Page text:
So we can know the Dhamma as a different teaching than Taoism based on comparing the early phases of the latter with that fact that the former pre-exists the latter by at least two hundred years, and arose among a wholly different culture & people. There, it was an environment of wandering philosophers and meditators concerned with samsara, both how to appropriately define it as well as how to attain ideal states, or escape in various other ways, and all this in the face of Brahmanical traditions, and all of that within a broader cultural attitude about kamma.

---

Now, it's in the sense of a philosophy that a secular Buddhist will tend to first approach the Dhamma; the Western idea of secularism is to dissociate religious trappings while dealing explicitly with ideas, evaluations, 'oughts', and so forth through more generally philosophical modes of thought, perhaps scientific ones but not necessarily.

Given this, it seems to me that the scientific empiricism employed by the average secular individual more closely approximates the phenomenological empiricism of the Dhamma than it does the metaphysical & alchemical techniques of Taoism. Even barring that, a modern secular inquirer into the Good Life more closely approximates the average intelligent Wanderer of the Buddha's day than a mystical Taoist; perhaps the later sort of philosophical Taoist comes close, but that Taoist is under a few hundred years of Buddhist influence at that point.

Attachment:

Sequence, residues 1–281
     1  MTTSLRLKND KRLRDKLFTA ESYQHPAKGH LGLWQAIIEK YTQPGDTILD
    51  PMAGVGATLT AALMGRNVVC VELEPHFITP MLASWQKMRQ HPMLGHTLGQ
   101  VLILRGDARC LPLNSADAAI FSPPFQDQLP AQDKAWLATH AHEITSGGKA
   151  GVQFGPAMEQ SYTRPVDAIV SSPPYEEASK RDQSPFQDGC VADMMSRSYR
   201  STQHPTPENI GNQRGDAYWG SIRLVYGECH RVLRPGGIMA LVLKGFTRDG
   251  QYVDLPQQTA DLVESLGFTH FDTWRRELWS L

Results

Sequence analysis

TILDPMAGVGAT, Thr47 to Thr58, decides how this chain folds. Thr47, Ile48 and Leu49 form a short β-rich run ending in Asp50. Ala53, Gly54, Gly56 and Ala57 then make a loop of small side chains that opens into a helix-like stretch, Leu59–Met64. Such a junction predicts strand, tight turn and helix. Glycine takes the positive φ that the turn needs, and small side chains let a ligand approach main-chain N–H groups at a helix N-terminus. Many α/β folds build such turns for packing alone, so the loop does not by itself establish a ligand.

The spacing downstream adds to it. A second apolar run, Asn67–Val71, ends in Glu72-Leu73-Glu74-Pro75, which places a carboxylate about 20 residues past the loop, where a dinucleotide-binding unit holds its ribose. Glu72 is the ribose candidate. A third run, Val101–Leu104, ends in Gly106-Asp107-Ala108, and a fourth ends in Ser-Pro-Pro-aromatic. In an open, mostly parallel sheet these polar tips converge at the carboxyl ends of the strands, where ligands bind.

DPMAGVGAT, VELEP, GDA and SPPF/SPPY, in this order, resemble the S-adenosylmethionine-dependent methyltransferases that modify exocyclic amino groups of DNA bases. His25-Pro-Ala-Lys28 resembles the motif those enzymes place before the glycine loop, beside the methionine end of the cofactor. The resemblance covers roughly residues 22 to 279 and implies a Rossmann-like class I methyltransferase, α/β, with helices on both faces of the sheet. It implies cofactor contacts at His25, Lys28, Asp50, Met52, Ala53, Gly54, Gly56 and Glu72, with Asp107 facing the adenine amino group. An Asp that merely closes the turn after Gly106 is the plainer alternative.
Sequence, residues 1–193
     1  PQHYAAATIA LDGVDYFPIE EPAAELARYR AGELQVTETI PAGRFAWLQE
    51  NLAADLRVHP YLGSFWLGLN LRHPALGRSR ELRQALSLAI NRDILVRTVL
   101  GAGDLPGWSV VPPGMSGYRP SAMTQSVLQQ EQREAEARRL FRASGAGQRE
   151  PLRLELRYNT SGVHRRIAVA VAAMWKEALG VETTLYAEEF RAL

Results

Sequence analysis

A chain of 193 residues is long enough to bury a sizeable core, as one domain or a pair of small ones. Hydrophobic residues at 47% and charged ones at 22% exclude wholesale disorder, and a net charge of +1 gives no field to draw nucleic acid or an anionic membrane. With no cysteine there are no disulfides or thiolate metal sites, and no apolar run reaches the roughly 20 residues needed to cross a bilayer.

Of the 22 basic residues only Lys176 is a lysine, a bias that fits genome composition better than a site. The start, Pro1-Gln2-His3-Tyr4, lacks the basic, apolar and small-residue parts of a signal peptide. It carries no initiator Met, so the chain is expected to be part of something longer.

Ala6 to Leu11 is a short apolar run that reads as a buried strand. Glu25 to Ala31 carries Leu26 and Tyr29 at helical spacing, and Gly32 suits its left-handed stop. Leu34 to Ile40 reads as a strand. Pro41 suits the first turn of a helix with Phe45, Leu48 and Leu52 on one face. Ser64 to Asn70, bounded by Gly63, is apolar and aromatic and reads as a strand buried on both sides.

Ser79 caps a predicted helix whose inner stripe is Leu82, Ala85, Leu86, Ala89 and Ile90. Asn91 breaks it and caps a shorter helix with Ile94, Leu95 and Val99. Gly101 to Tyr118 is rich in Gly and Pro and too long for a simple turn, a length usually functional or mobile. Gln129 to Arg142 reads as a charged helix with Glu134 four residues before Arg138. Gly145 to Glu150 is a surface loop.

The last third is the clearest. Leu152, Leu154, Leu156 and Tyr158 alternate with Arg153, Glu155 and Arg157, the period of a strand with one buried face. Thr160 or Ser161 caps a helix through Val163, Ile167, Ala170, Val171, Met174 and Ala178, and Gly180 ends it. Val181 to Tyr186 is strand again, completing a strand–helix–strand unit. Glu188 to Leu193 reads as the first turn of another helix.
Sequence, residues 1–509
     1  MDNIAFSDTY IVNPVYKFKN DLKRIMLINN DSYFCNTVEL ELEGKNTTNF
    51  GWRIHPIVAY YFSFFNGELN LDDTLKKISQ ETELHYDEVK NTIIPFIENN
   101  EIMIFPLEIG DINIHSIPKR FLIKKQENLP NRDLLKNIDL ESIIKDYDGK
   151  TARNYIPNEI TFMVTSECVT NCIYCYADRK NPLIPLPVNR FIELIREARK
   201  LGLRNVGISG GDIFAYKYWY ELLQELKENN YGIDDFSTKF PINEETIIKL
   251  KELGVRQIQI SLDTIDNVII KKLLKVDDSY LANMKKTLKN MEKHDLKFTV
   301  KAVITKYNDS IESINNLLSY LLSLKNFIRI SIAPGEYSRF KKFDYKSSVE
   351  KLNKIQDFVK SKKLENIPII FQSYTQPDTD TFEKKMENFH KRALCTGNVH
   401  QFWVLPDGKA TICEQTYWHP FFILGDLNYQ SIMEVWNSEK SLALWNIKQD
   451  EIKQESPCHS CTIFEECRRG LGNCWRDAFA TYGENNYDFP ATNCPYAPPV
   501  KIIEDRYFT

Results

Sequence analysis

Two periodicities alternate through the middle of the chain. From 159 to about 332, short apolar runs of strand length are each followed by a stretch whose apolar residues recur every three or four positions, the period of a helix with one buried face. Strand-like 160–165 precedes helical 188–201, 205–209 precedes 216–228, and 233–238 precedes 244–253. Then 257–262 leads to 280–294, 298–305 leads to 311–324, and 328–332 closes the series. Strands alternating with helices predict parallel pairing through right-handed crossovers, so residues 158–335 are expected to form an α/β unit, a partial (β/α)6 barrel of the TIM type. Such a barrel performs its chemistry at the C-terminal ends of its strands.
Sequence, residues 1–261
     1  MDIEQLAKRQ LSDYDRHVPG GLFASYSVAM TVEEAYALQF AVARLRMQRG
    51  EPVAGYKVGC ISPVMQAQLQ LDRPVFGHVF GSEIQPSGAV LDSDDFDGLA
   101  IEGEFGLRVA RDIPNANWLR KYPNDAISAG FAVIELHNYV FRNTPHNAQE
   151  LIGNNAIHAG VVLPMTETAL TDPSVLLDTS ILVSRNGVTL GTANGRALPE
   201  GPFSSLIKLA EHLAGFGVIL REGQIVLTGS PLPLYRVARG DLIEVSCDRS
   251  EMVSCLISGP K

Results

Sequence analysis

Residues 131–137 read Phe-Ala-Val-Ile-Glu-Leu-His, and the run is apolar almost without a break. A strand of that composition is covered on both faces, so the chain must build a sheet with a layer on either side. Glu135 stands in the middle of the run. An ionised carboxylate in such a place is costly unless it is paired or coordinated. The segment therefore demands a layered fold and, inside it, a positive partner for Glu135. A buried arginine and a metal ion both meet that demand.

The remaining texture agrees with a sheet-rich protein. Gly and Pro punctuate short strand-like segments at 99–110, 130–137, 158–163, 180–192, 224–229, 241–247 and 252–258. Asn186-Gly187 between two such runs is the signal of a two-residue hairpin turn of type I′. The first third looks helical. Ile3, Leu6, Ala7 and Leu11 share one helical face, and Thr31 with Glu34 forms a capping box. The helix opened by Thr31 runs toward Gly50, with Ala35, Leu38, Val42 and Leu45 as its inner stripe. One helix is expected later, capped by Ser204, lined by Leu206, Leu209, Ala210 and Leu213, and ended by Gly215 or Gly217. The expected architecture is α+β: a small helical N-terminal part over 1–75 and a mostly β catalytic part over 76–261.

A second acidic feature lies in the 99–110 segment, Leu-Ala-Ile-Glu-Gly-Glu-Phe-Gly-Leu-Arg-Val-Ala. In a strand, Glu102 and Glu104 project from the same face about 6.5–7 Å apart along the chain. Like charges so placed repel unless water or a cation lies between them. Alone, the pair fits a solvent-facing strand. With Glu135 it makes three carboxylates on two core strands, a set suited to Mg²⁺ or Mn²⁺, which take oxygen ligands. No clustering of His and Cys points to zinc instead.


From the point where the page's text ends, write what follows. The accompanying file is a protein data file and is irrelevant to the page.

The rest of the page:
---

Really, it seems Taoism is more similar to that Buddhism of those who engage in merit-transfer & chanting & dana to fill the merit-battery, or Mahayana Buddhists engaged in all manner of esotericism - including tantrism - than it does the striving of secular Buddhists...

rob
01 Feb 15, 16:01
Well, I can understand that different schools of thought teach different things, and that with different levels of skill.

Historically, Taoism meets up with Buddhism after only about 200 years of an independent existence, so when some old-School Buddhism as well as Mahayana get to China about the same time, right away they & Taoism & Confucianism come into an ongoing relationship. In this, it is complex to parse the various overlapping influences, so early Taoism is the best place to look for indications of what it meant at the front end.

So we can know the Dhamma as a different teaching than Taoism based on comparing the early phases of the latter with that fact that the former pre-exists the latter by at least two hundred years, and arose among a wholly different culture & people. There, it was an environment of wandering philosophers and meditators concerned with samsara, both how to appropriately define it as well as how to attain ideal states, or escape in various other ways, and all this in the face of Brahmanical traditions, and all of that within a broader cultural attitude about kamma.


Certainly - and much has been written on the subject to have a good idea about it.